Approximately 300 infected patients have survived Ebola treatment in Liberia since the outbreak here from March to September, Assistant Health Minister for Preventive Services, Tolbert Nyenswah, has announced.
Appearing on “Truth Breakfast Show”, a live broadcast talk show on Tuesday in Monrovia alongside foreign partners from the World Health Organization and the US’ Center for Disease Control, Mr. Nyenswah said if all of the survivors were combined since the outbreak in March, “We have close to 300 survivals.”
He named treatment centers at the JFK, ELWA unit one, two and three, among others, as areas where the cases were treated. Nyenswah, who chairs the government’s Incidence Management System, said things were “gradually improving with what they do in ending the outbreak”, expressing confidence that the WHO’s prediction could be disproved if such positive response continues.
He noted that in Lofa County’s Ebola Treatment Unit where weeks ago, 100 positive cases were being admitted, emerging report is now indicating that cases have reduced between five and ten as a result of the community engagement.
According to him, the prospect was that in two or three weeks, if the current scale of intervention continues at the community level, “We can reduce the cases in two or three weeks to zero cases in Lofa.”
Working closely with partners here, Nyenswah said community mobilization and awareness is critical, in terms of providing them active case surveillance, checking for sick and dead people or visitors, among others.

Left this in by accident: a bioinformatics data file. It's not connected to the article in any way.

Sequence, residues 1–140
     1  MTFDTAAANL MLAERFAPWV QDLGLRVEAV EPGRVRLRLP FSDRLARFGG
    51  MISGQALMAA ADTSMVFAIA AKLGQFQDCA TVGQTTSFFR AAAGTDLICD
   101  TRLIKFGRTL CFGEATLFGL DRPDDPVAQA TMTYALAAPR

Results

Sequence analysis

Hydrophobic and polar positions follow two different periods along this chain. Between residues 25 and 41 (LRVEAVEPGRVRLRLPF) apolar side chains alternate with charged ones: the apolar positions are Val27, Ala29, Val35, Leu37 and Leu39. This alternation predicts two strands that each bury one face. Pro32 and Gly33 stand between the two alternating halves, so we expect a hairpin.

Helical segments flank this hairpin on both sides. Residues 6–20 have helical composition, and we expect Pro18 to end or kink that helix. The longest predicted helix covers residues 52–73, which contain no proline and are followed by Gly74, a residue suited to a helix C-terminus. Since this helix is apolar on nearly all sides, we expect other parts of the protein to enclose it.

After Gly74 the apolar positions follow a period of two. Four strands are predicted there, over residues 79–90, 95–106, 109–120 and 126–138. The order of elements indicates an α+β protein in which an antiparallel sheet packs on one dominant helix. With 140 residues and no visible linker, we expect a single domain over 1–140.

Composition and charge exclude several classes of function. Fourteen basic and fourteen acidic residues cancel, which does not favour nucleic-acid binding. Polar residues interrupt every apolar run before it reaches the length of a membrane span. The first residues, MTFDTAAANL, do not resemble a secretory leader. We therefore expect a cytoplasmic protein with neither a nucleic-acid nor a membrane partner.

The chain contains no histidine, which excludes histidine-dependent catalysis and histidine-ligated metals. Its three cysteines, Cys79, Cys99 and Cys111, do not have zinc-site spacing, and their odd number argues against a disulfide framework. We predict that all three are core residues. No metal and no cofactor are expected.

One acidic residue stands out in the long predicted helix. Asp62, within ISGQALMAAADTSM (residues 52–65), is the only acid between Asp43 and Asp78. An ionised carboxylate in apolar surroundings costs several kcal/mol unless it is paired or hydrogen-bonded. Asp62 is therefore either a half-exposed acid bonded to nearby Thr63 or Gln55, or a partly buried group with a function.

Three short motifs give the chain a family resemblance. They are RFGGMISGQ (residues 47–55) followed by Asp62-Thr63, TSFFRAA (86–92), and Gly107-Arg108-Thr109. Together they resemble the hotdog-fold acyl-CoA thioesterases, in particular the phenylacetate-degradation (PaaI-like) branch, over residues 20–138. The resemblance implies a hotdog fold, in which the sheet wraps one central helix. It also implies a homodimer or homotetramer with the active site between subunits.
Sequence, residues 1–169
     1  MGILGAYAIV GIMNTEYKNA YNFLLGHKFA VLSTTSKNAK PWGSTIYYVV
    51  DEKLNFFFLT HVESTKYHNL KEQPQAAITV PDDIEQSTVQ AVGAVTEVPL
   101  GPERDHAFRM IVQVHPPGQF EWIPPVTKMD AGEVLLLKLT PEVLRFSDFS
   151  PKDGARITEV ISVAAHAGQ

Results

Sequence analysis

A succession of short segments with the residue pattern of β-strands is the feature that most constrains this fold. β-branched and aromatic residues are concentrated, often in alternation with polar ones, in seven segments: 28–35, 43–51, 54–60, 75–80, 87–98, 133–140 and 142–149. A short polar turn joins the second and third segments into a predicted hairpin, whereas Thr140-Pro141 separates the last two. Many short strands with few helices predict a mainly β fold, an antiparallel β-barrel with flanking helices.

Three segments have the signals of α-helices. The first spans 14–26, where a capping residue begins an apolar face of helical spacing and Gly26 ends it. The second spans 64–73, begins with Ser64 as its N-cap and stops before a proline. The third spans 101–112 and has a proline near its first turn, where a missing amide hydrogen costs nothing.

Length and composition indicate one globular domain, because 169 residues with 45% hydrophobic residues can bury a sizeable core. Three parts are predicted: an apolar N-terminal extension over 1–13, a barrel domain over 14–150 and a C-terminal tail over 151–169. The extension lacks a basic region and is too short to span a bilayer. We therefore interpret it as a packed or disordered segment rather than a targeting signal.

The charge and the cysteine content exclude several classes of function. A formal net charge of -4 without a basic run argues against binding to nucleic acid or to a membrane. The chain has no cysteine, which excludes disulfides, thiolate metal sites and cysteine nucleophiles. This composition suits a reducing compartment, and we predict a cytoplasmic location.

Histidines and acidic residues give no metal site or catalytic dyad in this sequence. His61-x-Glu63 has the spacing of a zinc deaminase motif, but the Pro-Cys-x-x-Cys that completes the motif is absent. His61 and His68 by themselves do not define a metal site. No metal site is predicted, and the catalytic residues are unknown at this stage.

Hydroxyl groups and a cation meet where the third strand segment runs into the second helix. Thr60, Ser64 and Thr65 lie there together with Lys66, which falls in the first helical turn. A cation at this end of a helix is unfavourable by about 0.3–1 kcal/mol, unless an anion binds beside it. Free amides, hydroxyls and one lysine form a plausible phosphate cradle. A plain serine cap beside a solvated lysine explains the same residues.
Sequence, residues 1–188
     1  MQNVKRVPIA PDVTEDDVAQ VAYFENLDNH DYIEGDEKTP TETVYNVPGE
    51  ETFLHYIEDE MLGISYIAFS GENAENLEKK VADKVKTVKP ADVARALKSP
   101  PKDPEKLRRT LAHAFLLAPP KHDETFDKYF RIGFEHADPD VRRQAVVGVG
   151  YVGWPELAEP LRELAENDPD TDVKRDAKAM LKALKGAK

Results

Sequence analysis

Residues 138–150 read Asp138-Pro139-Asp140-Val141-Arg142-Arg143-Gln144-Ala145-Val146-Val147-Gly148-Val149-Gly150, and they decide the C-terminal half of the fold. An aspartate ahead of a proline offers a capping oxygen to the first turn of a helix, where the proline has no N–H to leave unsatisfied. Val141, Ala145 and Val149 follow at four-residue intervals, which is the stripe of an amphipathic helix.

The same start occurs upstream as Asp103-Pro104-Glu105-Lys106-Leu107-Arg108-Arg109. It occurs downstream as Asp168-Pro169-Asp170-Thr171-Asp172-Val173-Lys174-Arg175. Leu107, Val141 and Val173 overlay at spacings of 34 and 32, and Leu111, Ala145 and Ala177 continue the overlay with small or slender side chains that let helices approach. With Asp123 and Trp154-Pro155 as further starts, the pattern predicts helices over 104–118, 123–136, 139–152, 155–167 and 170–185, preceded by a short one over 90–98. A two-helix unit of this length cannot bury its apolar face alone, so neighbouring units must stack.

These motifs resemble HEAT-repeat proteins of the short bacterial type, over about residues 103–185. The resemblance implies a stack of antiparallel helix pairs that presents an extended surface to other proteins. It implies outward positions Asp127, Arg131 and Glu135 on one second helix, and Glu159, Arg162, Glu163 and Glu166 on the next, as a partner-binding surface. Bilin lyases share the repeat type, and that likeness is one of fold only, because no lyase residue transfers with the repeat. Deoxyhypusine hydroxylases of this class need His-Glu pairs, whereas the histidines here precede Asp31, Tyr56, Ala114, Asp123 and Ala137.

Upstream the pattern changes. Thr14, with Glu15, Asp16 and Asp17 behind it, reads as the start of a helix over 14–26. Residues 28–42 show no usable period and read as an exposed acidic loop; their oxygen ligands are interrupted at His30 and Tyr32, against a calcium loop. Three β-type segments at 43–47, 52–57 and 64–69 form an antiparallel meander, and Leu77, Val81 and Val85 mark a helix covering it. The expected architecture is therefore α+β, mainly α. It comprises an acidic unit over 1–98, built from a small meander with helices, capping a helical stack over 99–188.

As a result, he boasted that today, West Point Community, has become a success story, and further named Ashmum Street, Rock Valley, New Georgia Community, Caldwell, St. Paul Bridge, Diggsville, ELWA, Seventy Second, Police Academy, and others as organizing themselves in the process.
Notwithstanding, the coordinator of the Ebola fight stated that infection prevention and control still remain very critical, stressing that training health workers, providing them PPEs, and what they need, are very important to winning the fight.
“If you look at the laboratory services since the outbreak and where we are today, you will note that we have only one lab, which was at the Liberia Institute of Bio Medical Research.”
At this lab, he said they conducted 30 to 40 tests per day. However, with the increase of the lab for three across Liberia, he said they can now perform around 300 to 400 tests a day on Ebola cases. Additionally, he said the labs are expected to be expanded to additional three – one in Bong, one of [Clay Ashland], and one in the Southeast Liberia which will total six labs in the country.
As regards community dwellers’ demand to have test results before releasing dead bodies to health team, the Assistant Minister pleaded that “it won’t be possible because Ebola lab is not a rapid diagnostic test that runs in fifteen minutes like malaria. He said instead, that Ebola lab takes between four to eight hours.
While acknowledging increased support that Liberia has been receiving from partners in the past three weeks, Mr. Nyenswah said challenges still remain, explaining that to build and run an ETU with 100 beds for a month costs around two million dollars.